My scan showed no tumor shrinkage, and, in a few spots, some slight growth. (We're talking 2.5cm spots, at the largest. Not huge. But, still. The wrong direction.)

Dr. K called me last night to deliver the news. It was 7pm. My son was in the middle of performing a concert for us entitled, "All things Blue". It involved maracas, a tambourine, and math problems on a white board. I was feeling enamored by his efforts, and trying not to snort out loud when the phone rang. ACK! Dr. K calling to foretell my fate. Impossibly jarring. Adrenaline going from 0-150mph in .75 seconds.

I took the call in our driveway, safely out of kids' earshot. I held the phone with a quivering hand while he dropped the latest bomb and explained what will happen next. We'll stop the current chemo, try out a new protocol. He has two in mind, one of which is a drug not even typically used for colon cancer. It's for melanoma, sarcoma, and lymphoma, but the results of my genetic testing from a few months back show that this drug may work well on me. (The world of cancer treatment is evolving so much right now. Using genetic profiles, for instance.) Option B is a drug just released last year, and it features an unpronounceable name and potentially severe liver side effects. Regaforamibib, or some such thing. Like the bad guy in a sci-fi film.

We hung up, and Neil and I stared at each other for a while, eyes darting around, half developed questions on the tips of our tongues. There's a sour feeling of impotency that accompanies the arrival of bad scan news. It makes me want to run 20 miles, to move, to DO something.

We piled the kids in the car and drove to our nearby beach. They whooped with the excitement that comes with ignoring an impending bedtime. With the windows down, the warm summer breeze blew through the car, and the radio played "Against the Wind", by Bob Seger. I listened to the words:

"And I remember what she said to me / How she swore that it never would end 
I remember how she held me oh so tight / Wish I didn't know now what I didn't know then 

Against the wind /We were runnin' against the wind 
We were young and strong, we were runnin' Against the wind" 

I shook my head and chuckled quietly, having never identified with Bob Seger lyrics until now. At the beach, the kids hollered and ran and dug in the sand. Neil and I sipped beers, stared at the water, and had a talk. And in that hour or so, we found our resolve.

So here's the deal, here's how I feel: I am strong. I can take these punches. I am going to continue to attack this thing with everything I have. And I have a lot of options left. This thing cannot break my spirit.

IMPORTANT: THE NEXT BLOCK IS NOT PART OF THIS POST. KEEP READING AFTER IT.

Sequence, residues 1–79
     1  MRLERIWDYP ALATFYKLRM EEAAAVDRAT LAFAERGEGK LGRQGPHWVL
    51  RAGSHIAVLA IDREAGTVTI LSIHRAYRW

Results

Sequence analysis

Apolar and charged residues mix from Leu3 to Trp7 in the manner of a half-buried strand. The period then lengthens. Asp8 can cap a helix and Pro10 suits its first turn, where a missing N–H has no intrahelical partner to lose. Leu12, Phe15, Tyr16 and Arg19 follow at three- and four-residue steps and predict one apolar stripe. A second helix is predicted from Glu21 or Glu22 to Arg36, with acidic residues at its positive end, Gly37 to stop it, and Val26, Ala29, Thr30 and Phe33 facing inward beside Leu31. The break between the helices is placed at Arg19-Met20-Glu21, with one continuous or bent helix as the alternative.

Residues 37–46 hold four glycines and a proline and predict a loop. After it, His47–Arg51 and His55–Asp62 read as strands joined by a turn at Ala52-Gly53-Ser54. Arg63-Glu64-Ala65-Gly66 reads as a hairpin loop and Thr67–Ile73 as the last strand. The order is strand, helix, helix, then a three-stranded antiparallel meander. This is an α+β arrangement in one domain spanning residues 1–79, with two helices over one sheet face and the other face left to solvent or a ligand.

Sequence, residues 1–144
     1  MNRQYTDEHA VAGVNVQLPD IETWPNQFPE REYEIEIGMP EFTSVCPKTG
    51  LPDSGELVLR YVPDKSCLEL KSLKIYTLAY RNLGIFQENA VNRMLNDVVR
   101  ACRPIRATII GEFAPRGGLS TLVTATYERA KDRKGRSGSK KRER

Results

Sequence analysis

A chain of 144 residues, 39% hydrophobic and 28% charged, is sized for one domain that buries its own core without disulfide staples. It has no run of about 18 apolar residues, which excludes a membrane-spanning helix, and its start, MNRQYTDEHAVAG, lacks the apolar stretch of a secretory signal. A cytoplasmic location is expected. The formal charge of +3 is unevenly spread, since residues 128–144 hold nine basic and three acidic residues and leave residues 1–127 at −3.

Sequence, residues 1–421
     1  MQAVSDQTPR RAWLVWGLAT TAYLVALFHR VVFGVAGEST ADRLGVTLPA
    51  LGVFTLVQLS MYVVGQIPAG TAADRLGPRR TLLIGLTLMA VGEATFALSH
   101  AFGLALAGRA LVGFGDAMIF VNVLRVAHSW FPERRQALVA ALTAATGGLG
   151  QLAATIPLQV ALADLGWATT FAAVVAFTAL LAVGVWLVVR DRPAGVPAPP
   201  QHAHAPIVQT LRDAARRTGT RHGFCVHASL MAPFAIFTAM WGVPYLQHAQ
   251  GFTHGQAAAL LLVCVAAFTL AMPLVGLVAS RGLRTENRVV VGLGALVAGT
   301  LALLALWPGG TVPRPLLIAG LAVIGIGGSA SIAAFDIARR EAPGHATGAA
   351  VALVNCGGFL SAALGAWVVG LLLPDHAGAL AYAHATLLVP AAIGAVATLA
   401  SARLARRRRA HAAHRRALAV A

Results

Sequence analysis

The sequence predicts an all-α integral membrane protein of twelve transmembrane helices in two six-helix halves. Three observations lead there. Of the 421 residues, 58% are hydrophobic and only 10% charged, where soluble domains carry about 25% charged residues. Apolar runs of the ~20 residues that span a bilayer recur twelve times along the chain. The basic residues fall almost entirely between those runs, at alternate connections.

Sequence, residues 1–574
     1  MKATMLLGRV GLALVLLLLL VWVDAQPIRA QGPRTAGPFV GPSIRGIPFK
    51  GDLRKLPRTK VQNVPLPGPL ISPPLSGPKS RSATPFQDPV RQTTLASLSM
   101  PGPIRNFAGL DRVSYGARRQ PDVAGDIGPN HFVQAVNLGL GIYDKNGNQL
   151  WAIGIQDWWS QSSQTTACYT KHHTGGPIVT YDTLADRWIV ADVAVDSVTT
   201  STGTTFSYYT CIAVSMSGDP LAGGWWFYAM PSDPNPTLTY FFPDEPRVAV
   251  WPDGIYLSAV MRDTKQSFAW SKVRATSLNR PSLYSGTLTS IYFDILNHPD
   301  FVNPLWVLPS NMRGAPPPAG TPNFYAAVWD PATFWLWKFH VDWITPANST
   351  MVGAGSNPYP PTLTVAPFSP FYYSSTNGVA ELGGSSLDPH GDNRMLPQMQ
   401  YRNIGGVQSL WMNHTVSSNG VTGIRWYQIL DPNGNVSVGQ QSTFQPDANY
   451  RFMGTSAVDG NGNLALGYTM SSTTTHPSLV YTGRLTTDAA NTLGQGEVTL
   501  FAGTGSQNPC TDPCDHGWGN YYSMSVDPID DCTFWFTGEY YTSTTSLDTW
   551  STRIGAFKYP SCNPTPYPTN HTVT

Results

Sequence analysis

When we got home, we overheard the kids chatting happily in the shower: "We had a great day, didn't we?"  "Yes! This was an awesome day!"      Sigh. God bless 'em.

Wednesday, June 5, 2013

No news yet

My doc was out of town on Monday, and he's probably been buried with work the last few days. I haven't pestered him about it, because sometimes ignorance is bliss. Is that unhealthy? Maybe. But it feels happier. And with all this sunshine and happy stuff around me, I'd rather just slide ignorantly into that world and live there for a few days. Besides, there's nothing I can do differently to change things between now and knowing.

In any case, I have chemo tomorrow, so I'll know by then.

I've been swimming. I'm getting stronger, and I have a tan. I've got some new chinese herbs. "I've got twenty dollas in my pocket..."

Sunday, June 2, 2013

Blog hiatus over

Hi. I haven't posted in months. For some reason, I didn't feel like writing. BUT I'M BA-ACK.

Since the last somber post, I bounced back from both the shingles and the broken arm and all the associated malaise that goes with being under the weather while doing chemo, and I'm feeling very happy and well again. There was a trip to Sonoma with Neil. A trip to the San Juan islands with family and friends. A big college girlfriend reunion at my house. BBQs. Bike rides. Swimming, at least 3 times a week! Bike rides. And best of all, the thing I treasure most: loads of special time with my lovely kids, who I adore more than words can express.

Once again, I feel peaceful and content. Balanced even, despite the bi-weekly chemo interruptions. My life is really a happy thing-- with that one lil' exception. Even chemo has been easier for me these last few months. And I've been bouncing back faster afterward, too.

Maybe I haven't written because this blog feels like a tether to the world of cancer, and yet my life lately has felt increasingly far from that world. And why would I want to merge the two. Sometimes, a girl can only do what a girl can do.

Anyway, tomorrow morning I have a PET scan. Haven't had one of those in a while. It will show us how well I'm doing now that I've been back on Folfox. It will show if the tiny tumors have grown, of if they are regressing. I'm going to try not to spend the next few days with a knotted stomach, awaiting the results, with a bursting heart at the mere sound of the phone ringing. If you've never had cancer or another serious medical test which has yielded devastating results, or you've never had to receive really bad news, you might not know the experience I'm about to have this week. I can't really put it into words. I'll just say that the scan experience requires big-time, industrial strength emotional armor. I've had a little talk with myself about how I'm going to approach the week and come out the other side unscathed. I've got a strategy.

I'm feeling strong now, emotionally. I feel great, physically. Please, oh please, oh pretty, pretty please, let me be able to deliver you some good news in a few days.